As a photographer, I strive to open the eye to the diversity of photographic vision and to create a connection between the subject and the viewer that resembles like an alchemical process that turns oneself and one’s experiences into the image. I am convinced that the interest in a motif depends on the perspective and way of looking at it, and can be increased through attentive viewing. Through the act of viewing, I as a photographer can transform a mundane object into a metaphor or symbol for something meaningful.
I love to roam the city with my camera, without a set destination, to align and become one with the things that surround me. My intention is to tell a story and uncover a mystery that will surprise and delight me. It’s not just a record of an event, a place, or a theme, but it feels more like I’m sitting in the front row of the world theater.
I try to rid myself of any bias by focusing entirely on my breathing and using the process of focusing to allow the essence of my subject or the scenery to flow into the image completely unimpeded. The photographic frame becomes a charged space that creates its own context. Therefore, every photograph I take contains a secret, and I become the bearer of the secret, the accomplice.
The formal qualities of the image are the key to the viewing experience, because an image is not only what it shows, but also the ensemble of colors, the texture of things, the rhythm of the lines, the contrasts, and the patina or lack thereof. All of these things are beautiful, each in their own right, regardless of what they are about. The camera is seen as an instrument to show things, but it obscures just as much. In the fragment, in the simplification, in the silhouette, there is a multitude of open feelings and questions.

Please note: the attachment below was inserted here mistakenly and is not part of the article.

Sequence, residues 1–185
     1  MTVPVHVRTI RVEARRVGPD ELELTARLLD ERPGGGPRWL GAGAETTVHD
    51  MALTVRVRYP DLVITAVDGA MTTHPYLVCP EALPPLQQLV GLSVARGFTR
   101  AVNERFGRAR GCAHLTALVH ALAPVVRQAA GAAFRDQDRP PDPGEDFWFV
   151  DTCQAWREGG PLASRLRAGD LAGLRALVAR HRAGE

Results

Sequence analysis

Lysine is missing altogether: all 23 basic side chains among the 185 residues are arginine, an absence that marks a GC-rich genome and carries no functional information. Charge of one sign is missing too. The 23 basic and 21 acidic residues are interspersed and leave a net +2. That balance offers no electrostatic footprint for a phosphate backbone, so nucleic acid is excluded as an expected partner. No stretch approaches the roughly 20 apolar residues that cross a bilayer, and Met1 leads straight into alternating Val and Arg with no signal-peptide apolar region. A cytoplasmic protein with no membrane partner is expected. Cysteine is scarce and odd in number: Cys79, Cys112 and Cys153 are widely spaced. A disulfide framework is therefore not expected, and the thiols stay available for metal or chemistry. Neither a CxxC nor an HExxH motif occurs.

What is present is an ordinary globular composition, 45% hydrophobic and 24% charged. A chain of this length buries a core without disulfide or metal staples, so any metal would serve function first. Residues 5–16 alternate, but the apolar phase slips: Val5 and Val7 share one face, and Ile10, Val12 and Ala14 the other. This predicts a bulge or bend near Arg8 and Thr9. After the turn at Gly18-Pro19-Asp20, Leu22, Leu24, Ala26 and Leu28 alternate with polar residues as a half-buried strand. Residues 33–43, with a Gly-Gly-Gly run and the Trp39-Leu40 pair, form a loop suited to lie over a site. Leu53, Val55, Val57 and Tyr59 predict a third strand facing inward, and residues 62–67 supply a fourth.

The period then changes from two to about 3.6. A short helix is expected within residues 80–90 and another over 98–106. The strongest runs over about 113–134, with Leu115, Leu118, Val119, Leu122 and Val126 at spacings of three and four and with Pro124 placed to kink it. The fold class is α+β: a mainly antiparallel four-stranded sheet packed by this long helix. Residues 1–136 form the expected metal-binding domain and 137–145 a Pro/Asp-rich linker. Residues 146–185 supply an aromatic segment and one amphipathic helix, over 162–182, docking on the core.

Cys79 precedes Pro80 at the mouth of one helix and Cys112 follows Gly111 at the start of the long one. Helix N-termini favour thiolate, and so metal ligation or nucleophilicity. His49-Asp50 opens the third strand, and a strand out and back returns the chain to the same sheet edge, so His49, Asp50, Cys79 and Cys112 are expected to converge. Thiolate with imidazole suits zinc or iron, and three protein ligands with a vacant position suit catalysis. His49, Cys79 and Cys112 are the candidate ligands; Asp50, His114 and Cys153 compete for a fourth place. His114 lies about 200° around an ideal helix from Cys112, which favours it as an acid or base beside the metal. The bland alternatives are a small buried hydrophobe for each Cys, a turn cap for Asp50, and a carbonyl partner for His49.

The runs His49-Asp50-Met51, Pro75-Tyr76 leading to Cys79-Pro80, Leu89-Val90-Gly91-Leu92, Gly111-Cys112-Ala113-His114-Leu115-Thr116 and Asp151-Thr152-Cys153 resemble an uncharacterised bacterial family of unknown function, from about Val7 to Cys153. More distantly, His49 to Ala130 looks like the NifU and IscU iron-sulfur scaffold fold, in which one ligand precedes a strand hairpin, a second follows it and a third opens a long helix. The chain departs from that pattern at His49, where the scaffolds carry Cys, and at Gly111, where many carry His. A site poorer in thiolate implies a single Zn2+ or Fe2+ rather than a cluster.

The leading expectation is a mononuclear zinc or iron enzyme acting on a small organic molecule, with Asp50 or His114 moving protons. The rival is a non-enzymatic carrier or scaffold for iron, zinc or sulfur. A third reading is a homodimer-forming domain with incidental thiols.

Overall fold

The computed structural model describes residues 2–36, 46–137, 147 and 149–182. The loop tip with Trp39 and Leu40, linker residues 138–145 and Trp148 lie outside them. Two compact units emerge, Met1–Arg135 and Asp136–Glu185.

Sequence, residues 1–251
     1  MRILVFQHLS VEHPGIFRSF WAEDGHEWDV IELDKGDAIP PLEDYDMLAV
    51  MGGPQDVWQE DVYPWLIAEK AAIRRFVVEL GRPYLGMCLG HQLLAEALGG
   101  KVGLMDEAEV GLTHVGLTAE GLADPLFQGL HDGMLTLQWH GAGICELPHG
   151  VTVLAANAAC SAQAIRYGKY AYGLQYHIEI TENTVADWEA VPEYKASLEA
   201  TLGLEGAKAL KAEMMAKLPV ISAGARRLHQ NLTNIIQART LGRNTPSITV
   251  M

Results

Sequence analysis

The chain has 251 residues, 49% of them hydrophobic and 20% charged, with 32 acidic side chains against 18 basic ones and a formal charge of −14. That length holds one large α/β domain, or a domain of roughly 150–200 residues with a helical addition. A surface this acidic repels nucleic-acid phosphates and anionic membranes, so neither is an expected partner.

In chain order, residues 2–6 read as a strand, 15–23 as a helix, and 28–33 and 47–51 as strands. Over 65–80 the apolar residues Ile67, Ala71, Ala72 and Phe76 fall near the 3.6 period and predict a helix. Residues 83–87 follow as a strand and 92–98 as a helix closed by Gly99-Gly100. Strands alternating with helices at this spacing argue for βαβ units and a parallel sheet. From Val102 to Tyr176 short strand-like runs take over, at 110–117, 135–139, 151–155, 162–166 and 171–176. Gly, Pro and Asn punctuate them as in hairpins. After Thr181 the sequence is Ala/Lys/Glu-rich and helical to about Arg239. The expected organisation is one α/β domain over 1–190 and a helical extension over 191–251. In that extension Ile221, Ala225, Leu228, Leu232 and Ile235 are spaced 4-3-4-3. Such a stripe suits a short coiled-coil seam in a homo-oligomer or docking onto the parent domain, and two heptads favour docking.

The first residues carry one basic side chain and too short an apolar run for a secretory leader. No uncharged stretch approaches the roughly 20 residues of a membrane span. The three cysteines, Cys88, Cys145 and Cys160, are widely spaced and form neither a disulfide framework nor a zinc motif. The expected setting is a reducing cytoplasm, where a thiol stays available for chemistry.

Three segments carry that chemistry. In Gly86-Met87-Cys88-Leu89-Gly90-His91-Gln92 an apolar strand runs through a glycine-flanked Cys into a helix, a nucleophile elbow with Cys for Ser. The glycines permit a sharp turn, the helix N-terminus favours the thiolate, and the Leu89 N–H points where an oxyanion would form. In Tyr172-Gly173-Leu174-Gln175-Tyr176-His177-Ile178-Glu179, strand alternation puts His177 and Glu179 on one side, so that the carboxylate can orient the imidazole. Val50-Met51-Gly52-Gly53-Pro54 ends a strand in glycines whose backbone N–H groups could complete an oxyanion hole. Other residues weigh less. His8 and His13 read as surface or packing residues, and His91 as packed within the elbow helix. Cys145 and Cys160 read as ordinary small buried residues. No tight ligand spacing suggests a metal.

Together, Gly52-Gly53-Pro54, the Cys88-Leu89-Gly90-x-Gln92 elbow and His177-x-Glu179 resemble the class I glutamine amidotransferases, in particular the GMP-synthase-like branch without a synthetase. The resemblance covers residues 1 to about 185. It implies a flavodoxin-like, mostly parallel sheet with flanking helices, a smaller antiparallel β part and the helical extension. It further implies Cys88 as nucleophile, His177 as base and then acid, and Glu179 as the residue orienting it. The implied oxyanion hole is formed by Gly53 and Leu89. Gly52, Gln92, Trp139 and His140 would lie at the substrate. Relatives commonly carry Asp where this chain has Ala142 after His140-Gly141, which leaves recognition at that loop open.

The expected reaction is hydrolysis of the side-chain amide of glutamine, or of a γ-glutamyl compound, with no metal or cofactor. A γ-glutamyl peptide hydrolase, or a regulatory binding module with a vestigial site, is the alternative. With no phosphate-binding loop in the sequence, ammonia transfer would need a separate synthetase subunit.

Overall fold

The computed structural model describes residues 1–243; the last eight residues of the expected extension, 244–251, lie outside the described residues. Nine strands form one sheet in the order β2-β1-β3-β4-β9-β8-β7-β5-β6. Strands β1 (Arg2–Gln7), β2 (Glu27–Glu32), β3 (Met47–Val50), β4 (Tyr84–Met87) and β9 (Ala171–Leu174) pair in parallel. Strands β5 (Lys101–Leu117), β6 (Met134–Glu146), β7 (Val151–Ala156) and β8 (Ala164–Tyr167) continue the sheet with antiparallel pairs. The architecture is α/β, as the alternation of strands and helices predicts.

In this sense, I see photography as a kind of theater, where I serve as the director and the photograph as the stage. The figures that move in my photographs are the characters in the story I want to tell. And just like in a play, my photographs trigger questions and create a desire for revelation and exploration. That’s why I never take a picture of something that doesn’t excite me, and I put my whole heart and soul into the work I do. Because photography for me is not a job, but a real connection, almost like a faith or a religion, where I give a piece of my soul every time.
Joerg Reichardt has established himself as a renowned freelance photographer starting working in the early 80s with a career spanning now over four decades. He has a diverse background, having studied art in Switzerland and worked on various theater and film productions before focusing on fashion photography. He has lived and worked in several cities, including Berlin, Paris, Milan, and New York, before settling back in Berlin in 2000.
Reichardt’s current work mainly focuses on Havana, where he has found inspiration in the city’s rich culture and history. Despite being confronted with the poverty and hardship faced by many of its residents, he has been able to see beyond the picturesque scenes and capture the essence of the city in his work. He is not a documentary photographer, but rather a wandering poet who expresses himself through his images, capturing the unknown, the presence, and the absence.
A selection of his clients includes international brands, institutions and agencies: Nikon, Absolut Vodka, Deutsche Bahn, Bank Austria, Raiffeisen Bank, Commerzbank, Sparkasse, Deutsche Grammophon, Puma, Adidas, Joop!, Toni Gard, Mondo Uomo, Kunstpalast Düsseldorf, Komische Oper Berlin, Residenztheater München, Schaubühne Berlin, Berliner Philharmonie, Publicis Paris, TBWA Paris, Jung von Matt and Ogilvy&Mather.